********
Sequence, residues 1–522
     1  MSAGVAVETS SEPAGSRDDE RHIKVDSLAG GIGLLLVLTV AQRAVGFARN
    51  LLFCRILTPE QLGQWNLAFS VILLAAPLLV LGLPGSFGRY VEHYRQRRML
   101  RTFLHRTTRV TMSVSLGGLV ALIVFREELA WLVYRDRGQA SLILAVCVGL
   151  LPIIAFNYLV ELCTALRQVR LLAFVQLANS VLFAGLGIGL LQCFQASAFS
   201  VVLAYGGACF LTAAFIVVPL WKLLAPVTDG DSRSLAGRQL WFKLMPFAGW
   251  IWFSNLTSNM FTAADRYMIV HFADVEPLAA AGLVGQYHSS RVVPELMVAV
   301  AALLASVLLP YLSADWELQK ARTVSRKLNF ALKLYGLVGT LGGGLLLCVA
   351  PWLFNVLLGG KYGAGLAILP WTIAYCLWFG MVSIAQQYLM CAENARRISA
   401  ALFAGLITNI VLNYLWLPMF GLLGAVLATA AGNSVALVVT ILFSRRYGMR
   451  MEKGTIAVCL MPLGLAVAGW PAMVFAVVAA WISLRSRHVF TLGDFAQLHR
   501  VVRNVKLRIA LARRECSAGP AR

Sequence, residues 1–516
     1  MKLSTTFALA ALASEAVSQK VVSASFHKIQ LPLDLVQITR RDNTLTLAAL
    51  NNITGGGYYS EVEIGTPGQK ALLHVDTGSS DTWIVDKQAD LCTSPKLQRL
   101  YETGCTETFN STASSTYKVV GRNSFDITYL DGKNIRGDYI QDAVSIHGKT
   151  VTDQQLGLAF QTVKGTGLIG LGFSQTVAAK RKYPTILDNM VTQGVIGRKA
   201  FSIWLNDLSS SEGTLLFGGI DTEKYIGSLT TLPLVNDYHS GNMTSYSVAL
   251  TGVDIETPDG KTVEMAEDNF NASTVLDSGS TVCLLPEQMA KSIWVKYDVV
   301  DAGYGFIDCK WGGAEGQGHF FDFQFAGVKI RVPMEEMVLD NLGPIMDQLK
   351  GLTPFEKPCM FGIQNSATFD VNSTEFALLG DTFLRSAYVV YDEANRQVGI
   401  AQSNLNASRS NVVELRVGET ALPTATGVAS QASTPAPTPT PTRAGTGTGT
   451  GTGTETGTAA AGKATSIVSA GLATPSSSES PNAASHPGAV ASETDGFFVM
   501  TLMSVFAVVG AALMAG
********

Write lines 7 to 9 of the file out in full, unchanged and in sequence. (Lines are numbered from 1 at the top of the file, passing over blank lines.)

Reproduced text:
   251  IWFSNLTSNM FTAADRYMIV HFADVEPLAA AGLVGQYHSS RVVPELMVAV
   301  AALLASVLLP YLSADWELQK ARTVSRKLNF ALKLYGLVGT LGGGLLLCVA
   351  PWLFNVLLGG KYGAGLAILP WTIAYCLWFG MVSIAQQYLM CAENARRISA